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Extrapolation: extending predictions outside the range of observations. In regulatory toxicology extrapolation means predicting an effect in such conditions that it is not possible to assess the effect experimentally. Extrapolation is used over dose, species, sex, age, or route. Dose extrapolation means predicting an effect (e.g. the likelihood of cancer) below the range of doses that can be tested experimentally. In a group of 50 animals in a two-year cancer study, it is possible to detect a 10 % additional cancer risk, i.e. five cancers in addition to the typical background incidence of e.g. ten cancers. Ten per cent risk would be clearly unacceptable in humans. We would barely accept a risk of one in ten thousand of contracting cancer from a chemical. However, an experiment that could detect an increase in cancer risk from 20 % (background) to 20.01 % (background + chemical-induced) would need more than 100,000 animals. This is clearly not feasible. Therefore the dose of the chemical is increased so that the effect is detectable, and the effect at the true level of human exposure is extrapolated mathematically. Because there is no obvious way to prove the correct formula for extrapolation, this is one of the most common sources of disputes in toxicology (see also Linear extrapolation). Another extrapolation is species extrapolation. If the chemical is studied in the mouse, one need to know what dose in the mouse is equivalent to a dose in humans. This is one of the sources of confusion in dioxin risk assessment, because TCDD kills a guinea pig at a dose of 0.001-0.002 mg/kg, but a hamster only at a dose of several mg/kg. So it is important to know, which is a better model for human being, the guinea pig or the hamster. Some effects of TCDD, such as developmental toxicity, are seen at low doses both in guinea pigs and hamsters, however. [1]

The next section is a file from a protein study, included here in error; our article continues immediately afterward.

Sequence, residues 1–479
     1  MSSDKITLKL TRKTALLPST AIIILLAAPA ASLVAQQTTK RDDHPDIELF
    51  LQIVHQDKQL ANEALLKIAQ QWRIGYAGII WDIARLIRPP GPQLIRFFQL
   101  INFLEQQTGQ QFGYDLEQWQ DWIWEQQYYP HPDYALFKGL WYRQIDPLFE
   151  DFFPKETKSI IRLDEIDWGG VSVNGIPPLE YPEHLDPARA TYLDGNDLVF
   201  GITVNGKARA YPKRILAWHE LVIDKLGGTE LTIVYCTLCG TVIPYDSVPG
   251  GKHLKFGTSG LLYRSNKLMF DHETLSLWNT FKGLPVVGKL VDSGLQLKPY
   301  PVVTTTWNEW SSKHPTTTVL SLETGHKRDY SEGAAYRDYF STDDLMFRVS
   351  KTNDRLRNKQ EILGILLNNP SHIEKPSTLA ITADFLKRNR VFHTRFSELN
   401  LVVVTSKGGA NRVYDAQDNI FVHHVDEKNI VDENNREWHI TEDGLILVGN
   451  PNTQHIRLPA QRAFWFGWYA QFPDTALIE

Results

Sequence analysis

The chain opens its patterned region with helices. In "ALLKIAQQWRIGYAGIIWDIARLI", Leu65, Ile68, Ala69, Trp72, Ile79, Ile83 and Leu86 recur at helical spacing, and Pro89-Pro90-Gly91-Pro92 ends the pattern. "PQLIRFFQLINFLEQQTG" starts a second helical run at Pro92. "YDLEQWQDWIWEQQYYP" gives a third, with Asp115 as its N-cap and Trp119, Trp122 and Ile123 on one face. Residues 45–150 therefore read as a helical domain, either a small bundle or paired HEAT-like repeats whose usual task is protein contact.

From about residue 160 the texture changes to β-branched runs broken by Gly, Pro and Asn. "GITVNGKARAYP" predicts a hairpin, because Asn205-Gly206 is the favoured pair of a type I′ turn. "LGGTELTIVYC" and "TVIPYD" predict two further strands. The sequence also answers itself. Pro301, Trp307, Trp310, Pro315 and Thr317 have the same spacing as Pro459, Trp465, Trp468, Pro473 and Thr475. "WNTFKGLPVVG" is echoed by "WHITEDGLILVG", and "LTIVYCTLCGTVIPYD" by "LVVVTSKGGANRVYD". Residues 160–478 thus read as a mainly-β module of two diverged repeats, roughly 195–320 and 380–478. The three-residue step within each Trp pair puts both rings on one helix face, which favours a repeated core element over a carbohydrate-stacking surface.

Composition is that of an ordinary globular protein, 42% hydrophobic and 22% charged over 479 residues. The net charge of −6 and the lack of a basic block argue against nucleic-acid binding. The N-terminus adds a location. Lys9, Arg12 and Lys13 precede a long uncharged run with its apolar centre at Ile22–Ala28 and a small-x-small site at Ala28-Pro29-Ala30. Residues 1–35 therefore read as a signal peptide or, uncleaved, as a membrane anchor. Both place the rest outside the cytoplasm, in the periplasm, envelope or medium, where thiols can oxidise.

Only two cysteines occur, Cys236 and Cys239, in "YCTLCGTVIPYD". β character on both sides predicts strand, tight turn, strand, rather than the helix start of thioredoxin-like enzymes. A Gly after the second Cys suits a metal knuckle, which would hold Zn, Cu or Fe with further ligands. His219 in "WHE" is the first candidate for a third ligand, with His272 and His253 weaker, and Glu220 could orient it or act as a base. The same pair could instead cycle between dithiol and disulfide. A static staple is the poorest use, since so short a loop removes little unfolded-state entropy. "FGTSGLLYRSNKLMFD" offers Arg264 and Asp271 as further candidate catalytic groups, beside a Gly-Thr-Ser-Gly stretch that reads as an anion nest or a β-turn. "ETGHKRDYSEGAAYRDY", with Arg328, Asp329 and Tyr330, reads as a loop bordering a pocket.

A wide range of extrapolation methods is available, of varying complexity and statistical rigour (see links to left). In each case, however, extrapolation may be subject to a number of uncertainties and errors. In particular, care is needed to ensure that:

  • the observed trends in the data are valid and unbiased: biases tend to occur, especially, when the data set is small or clustered either in space or time;
  • the possibility of non-linearity (including thresholds or step-changes) is allowed for;
  • allowance is made for the influence of external factors (e.g. social or environmental determinants) which may modify the observed trends;
  • extrapolation remains within the range of plausible values and extrapolated estimates have plausible distributions (e.g. do not show large and unexpected skew or outliers).


  1. Jouko Tuomisto, Terttu Vartiainen and Jouni T. Tuomisto: Dioxin synopsis. Report. National Institute for Health and Welfare (THL), ISSN 1798-0089 ; 14/2011 [1]

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